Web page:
We’ve also taken a hard look at our existing curriculum to identify courses that need to be refreshed and new ones that will help power the success of today’s aftermarket professionals. Our signature program, of course, is Leadership 2.0, which was dramatically enhanced this year with a variety of relevant and timely new topics.

 

Another excellent example of our new approach to industry education can be seen in the Executive Briefing session we’ve prepared for this year’s AWDA Conference in Las Vegas. On Sunday, Nov. 2 from 2 to 4:15 p.m. the University of the Aftermarket will present a program titled “The Petroleum Problem: Strategies and Solutions for Distributors.” There probably isn’t a single North American distributor who hasn’t been severely impacted by the wild fluctuations in fuel prices. Our Executive Briefing will examine the issue both from a macro perspective: looking at the geopolitical dynamics that affect oil supplies and pricing; and an operational perspective: What other WDs are doing to reduce fuel consumption while maintaining service levels. We’ll have some fascinating success stories to share.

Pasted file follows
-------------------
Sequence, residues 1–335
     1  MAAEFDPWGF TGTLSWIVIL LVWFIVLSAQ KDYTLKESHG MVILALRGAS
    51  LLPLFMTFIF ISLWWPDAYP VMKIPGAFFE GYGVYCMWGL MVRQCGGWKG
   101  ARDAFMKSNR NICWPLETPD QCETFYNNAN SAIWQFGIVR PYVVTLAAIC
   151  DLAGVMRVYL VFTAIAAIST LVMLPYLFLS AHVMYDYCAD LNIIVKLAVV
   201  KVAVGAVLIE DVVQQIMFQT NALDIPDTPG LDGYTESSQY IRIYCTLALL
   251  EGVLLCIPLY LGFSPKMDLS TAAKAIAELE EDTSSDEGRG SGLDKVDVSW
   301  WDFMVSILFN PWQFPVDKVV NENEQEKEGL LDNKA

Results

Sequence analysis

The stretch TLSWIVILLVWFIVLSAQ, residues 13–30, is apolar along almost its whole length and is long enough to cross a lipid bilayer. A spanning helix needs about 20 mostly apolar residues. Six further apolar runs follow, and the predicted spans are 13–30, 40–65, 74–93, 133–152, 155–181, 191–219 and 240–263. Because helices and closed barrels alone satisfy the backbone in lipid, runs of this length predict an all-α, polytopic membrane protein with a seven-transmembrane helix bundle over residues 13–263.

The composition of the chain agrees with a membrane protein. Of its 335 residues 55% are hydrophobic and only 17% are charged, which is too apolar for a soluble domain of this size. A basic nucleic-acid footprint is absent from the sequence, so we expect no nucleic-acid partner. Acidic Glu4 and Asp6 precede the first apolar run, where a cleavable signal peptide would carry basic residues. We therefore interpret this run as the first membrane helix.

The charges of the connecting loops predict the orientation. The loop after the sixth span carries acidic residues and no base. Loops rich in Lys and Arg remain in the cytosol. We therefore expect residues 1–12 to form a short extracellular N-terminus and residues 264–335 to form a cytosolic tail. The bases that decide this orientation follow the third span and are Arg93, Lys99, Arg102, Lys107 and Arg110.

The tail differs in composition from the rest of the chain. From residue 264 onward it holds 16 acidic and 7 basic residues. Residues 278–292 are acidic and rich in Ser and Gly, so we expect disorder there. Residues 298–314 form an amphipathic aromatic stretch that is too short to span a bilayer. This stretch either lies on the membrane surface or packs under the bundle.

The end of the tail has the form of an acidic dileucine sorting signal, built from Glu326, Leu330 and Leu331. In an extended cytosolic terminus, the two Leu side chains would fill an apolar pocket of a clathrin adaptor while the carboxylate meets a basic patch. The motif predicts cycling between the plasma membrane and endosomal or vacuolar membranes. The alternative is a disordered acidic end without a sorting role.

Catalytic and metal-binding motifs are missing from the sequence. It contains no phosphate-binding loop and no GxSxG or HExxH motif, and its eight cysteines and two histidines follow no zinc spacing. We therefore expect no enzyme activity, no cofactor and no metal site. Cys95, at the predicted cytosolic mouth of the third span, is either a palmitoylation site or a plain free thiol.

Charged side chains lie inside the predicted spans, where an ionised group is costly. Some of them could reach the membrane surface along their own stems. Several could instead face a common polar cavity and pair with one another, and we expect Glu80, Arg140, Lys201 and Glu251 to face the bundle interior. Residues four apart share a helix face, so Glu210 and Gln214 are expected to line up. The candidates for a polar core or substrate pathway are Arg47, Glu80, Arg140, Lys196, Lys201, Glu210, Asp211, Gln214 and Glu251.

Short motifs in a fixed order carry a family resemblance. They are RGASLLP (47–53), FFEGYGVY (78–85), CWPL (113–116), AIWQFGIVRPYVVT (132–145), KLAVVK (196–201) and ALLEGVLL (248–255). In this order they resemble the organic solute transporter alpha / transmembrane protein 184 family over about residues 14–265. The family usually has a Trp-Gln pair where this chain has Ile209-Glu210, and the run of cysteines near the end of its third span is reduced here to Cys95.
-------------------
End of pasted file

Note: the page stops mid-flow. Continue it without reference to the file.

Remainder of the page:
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One last point: We need to make the University’s AAP and MAAP certification programs more accessible and appealing to aftermarket professionals. There are thousands of aftermarket professionals who have earned continuing education units toward their Automotive Aftermarket Professional or Master Automotive Aftermarket Professional certifications.Some of these individuals are working very actively at completing their certifications, while others may have lost their momentum in recent years. In all cases, we will be far more aggressive in helping industry participants assess their current CEU status and in offering new opportunities for them to complete their certifications. For example, the University of the Aftermarket is now offering CEUs to those who attend any of nearly a dozen education sessions and other events during Automotive Aftermarket Industry Week. We plan to do the same during next year’s Heavy Duty Aftermarket Week. The AAP and MAAP certifications are meaningful, valuable and, now more than ever, accessible to virtually any qualified industry professional.